Brisbane Local Food

Growing local

Well it has been the rainiest December in history and everyone is getting very sick of it.  My yard is very wet and you squelch wherever you walk... unless it is mud then you slide.  The chicken pen is a slurry and a fair few spots are underwater.  Lavendar looks especially bedraggled compared to the others.

I'm worried that if the rain doesn't stop soon some of the fruit trees will end up dieing from being waterlogged but nothing has succumbed yet although the new growth on the citrus is terrible, pretty sure it is a mite - they always get it when new growth appears unless I give the plants a light spray with Neem oil... but it was too wet this time so I will have to prune the new growth if it ever stops raining.

There are now four banana bells - the original two should be ripe soon I hope, but will have no idea of how to tell until they go yellow unless I wait for Ali's to be picked and then wait a few days.  They are putting out heaps of suckers and are loving the rain so far although one of the new suckers was in a huge puddle for a day or two but it seems to have drained for now.  No matter how many suckers I cut off they keep throwing more and they seem to grow within a week!

The yakon, arrowroot, ginger, tumeric, pit pit and comfrey are all going great guns and have turned into an overcrowded jungle.  That's what I get for forgetting that I left some tumeric and ginger in the ground when I harvested then planting pit pit and yakon there...

The back bed has carrot going to seed it in there so I threw a heap of alfalfa around and will use it as green manure.  I'm not sure what variety the carrot is but will be keep to try and save seeds as they don't readily go to seed in our climate usually...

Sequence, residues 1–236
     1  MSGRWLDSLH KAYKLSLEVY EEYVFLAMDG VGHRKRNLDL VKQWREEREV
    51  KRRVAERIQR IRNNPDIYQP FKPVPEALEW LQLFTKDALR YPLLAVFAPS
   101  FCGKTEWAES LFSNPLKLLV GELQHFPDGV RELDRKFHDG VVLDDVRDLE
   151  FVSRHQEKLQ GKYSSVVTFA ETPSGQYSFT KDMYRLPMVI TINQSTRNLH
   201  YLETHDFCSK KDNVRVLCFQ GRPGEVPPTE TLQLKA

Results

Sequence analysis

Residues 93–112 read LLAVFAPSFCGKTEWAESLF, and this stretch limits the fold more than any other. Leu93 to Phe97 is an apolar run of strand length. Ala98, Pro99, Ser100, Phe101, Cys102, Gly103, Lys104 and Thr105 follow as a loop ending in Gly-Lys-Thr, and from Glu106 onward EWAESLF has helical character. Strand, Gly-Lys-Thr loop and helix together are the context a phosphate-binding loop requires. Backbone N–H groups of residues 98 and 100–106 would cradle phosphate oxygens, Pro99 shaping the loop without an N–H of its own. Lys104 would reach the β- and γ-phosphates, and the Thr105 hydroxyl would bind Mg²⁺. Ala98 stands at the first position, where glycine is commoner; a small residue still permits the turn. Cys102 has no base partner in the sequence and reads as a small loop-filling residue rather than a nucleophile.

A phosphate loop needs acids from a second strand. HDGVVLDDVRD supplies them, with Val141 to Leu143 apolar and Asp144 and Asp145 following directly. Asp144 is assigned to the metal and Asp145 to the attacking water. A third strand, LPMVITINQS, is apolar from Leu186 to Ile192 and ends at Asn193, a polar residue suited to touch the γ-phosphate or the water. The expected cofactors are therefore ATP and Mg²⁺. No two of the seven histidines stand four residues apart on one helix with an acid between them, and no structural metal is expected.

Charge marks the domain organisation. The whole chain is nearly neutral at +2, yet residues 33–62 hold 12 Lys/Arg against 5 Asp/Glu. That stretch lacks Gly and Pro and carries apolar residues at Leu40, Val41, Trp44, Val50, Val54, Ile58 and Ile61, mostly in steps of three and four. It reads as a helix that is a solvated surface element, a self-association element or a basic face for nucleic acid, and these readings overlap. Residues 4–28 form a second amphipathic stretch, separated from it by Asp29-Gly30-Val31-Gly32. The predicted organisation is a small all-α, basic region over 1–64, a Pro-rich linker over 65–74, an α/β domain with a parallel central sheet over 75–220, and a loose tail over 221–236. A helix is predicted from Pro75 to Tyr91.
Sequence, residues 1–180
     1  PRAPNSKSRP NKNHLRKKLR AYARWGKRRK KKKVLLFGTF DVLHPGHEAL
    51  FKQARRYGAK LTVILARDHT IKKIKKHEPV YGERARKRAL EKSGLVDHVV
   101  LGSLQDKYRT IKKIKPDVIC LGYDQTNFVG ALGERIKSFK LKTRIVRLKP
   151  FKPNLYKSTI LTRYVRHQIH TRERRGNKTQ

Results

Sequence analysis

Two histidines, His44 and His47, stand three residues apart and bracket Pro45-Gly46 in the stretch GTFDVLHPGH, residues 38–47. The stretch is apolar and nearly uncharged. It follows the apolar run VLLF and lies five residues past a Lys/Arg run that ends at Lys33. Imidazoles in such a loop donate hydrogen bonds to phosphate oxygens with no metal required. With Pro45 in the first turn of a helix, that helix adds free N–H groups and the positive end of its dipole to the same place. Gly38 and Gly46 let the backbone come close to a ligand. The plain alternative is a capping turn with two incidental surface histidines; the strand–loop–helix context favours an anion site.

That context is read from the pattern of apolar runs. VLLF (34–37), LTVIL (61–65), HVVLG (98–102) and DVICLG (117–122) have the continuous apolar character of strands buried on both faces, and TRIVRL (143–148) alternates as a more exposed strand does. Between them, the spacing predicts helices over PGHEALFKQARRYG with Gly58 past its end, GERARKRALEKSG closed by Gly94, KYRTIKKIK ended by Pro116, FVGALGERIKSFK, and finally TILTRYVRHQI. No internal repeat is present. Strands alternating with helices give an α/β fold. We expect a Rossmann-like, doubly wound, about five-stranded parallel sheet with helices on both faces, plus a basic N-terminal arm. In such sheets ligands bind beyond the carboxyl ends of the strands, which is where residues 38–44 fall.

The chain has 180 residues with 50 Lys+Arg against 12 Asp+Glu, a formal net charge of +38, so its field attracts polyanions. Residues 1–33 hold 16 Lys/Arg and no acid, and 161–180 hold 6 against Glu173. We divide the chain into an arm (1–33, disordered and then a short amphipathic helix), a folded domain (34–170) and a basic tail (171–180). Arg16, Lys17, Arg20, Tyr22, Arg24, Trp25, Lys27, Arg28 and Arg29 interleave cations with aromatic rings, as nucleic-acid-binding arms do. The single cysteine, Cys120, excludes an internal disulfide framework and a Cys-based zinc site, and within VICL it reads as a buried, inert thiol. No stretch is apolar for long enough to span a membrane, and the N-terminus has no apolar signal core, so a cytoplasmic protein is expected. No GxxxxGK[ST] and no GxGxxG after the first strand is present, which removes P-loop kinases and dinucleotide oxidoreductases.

My stupid passionfruit still hasn't put out any fruit, flowers galore but nothing/ nada/ zip.  I didn't fertilise it except a handful of potash and some boron black gritty stuff from Anthony - humate? It's living on borrowed time at the moment I might take Lissa up on some of her seedlings.  Of course Ashley's is doing really well...

The sweet potato just gone totally crazy and invading the whole place now!  Doubt there will be any tubers think there is way to much vines!  I will get in there and chuck some shovel loads of dirt around on top to see if I get get them to root.

 

The tamarillo's have got heaps of fruit that I have high hopes will ripen and give me a decent crop of something... imagine what it must be like to get a 'glut' of something... although the banana's will be too soon.  There are some limes and the guava's are both fruiting as well, starting to get some real benefit out of the fruit trees.

There is one pineapple that is fruiting but the others are all growing quite fast - for pineapple that is.

Good luck to everyone's garden and hope that the rain doesn't do any permanent damage to our plants!

 

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Comment by Elaine de Saxe on January 9, 2011 at 15:44
I reckon that we squeeze what oxygen is in the ground out, by walking on it and we only do what we have to on the soil while it's so wet. Unless someone comes up with a solution for the Lychees, I suggest you check the DPI site or www.padil.gov.au which can help to identify pests and diseases. The lettuce will survive out of the rain, ours are on the back patio with just enough light to support growth which is very slow.
Comment by Donna on January 2, 2011 at 8:24